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Overall Rating

Awesome: 11.11%
Worth A Look: 0%
Just Average: 11.11%
Pretty Crappy: 0%

1 review, 3 user ratings

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Samurai Princess
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by Jay Seaver

"Note: This movie contains no samurai, princesses, or delight; just gore."
1 stars

SCREENED AT THE 2009 FANTASIA INTERNATIONAL FILM FESTIVAL: Why watch this crap? I ask not just because it's tacky exploitation that's bad for you, but because it's not even ably made bad exploitation. The acting is terrible, the director can't even frame a shot properly, and the action, for all the lovingly realized gore it leads to, is not exciting. Even if you've got very specific violent cinema fetishes, there's probably a movie or five out there that can serve them better.

Samurai Princess is one of those movies that functions mainly as a violence delivery system. There is a basic story, about a girl (Aino Kishi, whose character despite the title is neither a samurai nor a princess) hunting down the pair of cyborg lunatics who slaughtered her classmates to create "art", but she herself is being hunted by agents of some sort, as she herself has been made into a cyborg and that sort of body modification is illegal. Helping her is Gekko (Dai Mizuno), a guitar-toting ex-agent also looking to find the killers, ever since they murdered his sister, and willing to work with a cyborg to do it.

Yoshihiro Nishimura handles the the gore effects for Samurai Princess; from his recent ubiquity, he must be Japan's equivalent of KNB FX, providing services to movies as slick as L: Change the World and as slapdash as, well, Samurai Princess. Still, it should be no surprise that the blood, guts, and weaponized prostheses are some of the very best things that the movie has to offer. It's not his best work, but when director Kengo Kaji needs a gross-out, the scene is not likely to fall short for mechanical reasons. Those wanting to see the human body mutilated in a variety of creative and fantastical ways won't come away disappointed that there wasn't enough or that it was done inexpertly.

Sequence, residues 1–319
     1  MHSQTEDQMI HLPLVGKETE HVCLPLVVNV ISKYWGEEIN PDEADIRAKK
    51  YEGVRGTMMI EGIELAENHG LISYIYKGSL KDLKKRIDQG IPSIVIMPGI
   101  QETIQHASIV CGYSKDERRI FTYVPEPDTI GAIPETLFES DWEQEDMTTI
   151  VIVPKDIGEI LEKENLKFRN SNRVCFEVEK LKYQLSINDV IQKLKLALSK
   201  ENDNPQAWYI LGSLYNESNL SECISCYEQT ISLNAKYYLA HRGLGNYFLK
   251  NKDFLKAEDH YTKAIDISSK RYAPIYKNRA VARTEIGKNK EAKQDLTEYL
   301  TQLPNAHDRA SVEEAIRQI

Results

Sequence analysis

The problem, of course, is everything else. While it's certainly possible that director Kengo Kaji and scriptwriter Sotaro Hayashi worked out a detailed mythology and setting before they even considered how much it would cost to make this thing, it certainly feels like the rest of the movie came about by taking a small budget, subtracting how much Nishimura and his crew would cost, and then trying to figure out how they could shoot the movie on the pocket change that remained. The movie takes place in a world that is samurai-era when convenient, but has advanced cybernetics - although that's about the only sign of there being any sort of industrial infrastructure. Most of the movie takes place in the woods, except when they need a little more room for a fight scene and find an empty warehouse. Costumes and props appear to be whatever was found in the cast & crew's closets or could be picked up at a yard sale, and certainly don't add up to a convincing fantasy world.

I don't mean to hold the film's low budget against it. I respect those who overcome limited resources; when a talented filmmaker manages that, the good stuff dominates the bad. But there's a difference between something being inexpensive and cheap, and Samurai Princess feels cheap. The actors either rant or put on a stone face, but give their characters no individual personality. The backstory we hear is a bland mess. The cinematography is sloppy. Kaji and company take the mayhem for granted, to the point where it's not long before finding a pile of limbs and organs is merely repulsive without being thrilling, shocking, or making us feel anything about the villains who made it happen. And the action is often pretty dreadful - while the construction of the combatants and the carnage in their wake is done well enough, what goes on never looks like an actual fight.

Admittedly, a festival like Fantasia is perhaps the worst possible place to see something like "Samurai Princess". Seen on its own, it's maybe an amusing piece of insanity; seen at about the same time as things like "Hard Revene, Milly" and "Vampire Girl vs. Frankenstein Girl", it's the sort of thing that makes decent movies look good and good movies look great.

link directly to this review at http://www.hollywoodbitchslap.com/review.php?movie=18988&reviewer=371
originally posted: 08/27/09 23:11:16
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OFFICIAL SELECTION: New York Asian Film Festival 2009 For more in the New York Asian Film Festival 2009 series, click here.
OFFICIAL SELECTION: 2009 Fantasia Festival For more in the 2009 Fantasia International Film Festival series, click here.

User Comments

5/04/11 brian Gleefully gory for its own sake, monumentally stupid, unwatchable. 1 stars
5/11/10 porfle Low-budget fun. 3 stars
10/05/09 brnybngs the reviewer didn't get it - this is gore fun at its finest. 5 stars
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Directed by
  Kengo Kaji

Written by
  Kengo Kaji
  Sôtarô Hayashi

  Aino Kishi
  Dai Mizuno
  Asuka Kataoka
  Mao Shiina
  Mitsuru Karahashi

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